The 11th Circuit Court of Appeals on Friday struck down parts of the health-care reform law Democrats passed last year, including the law’s “individual mandate” to purchase health insurance that the right hates so much. Conservatives are already calling this “a great day for liberty.” But Friday’s ruling has perhaps only one major, practical consequence.

Before Friday, there was a fair chance that appeals judges would all ultimately agree that the law is constitutional, individual mandate and all, once the case moved into the rarefied chambers of the circuit courts. In that scenario, the states challenging the law would have appealed to the Supreme Court. Yet, in the face of appeals-court unanimity, it’s entirely likely that the high court would have declined to hear the case, allowing the circuit-court rulings to stand.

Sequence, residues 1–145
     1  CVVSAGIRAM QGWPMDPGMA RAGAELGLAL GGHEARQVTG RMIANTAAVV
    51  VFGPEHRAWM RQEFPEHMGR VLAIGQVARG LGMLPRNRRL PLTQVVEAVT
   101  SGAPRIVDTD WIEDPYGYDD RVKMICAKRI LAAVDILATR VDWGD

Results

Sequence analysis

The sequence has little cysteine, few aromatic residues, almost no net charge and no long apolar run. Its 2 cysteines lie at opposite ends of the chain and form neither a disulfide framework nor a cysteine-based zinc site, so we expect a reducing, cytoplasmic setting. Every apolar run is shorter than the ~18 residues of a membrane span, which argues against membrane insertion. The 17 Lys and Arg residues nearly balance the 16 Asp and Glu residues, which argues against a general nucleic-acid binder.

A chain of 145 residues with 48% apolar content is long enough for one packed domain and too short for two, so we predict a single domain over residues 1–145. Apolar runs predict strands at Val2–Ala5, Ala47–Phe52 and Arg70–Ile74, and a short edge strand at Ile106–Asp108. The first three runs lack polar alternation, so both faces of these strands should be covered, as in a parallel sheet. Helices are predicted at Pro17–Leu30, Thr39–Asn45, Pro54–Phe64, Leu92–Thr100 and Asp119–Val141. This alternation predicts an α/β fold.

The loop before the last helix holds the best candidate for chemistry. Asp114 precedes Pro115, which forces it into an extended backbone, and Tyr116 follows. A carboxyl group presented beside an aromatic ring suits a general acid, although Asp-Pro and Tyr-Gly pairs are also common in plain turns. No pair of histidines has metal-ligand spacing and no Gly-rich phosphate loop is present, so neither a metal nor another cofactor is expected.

Now, there’s discord among circuit courts. In June, the 6th Circuit deemed the law’s individual mandate constitutional. Unless the Justice Department asks the full 11th Circuit to consider the issue, in which case Friday’s three-judge ruling might not stand, the 11th Circuit and the 6th Circuit will disagree. So, the real bottom line on Friday’s news is that the legal argument over the health-care law will almost certainly hinge on a showdown before the Nine, after all. Let the high court handicapping begin.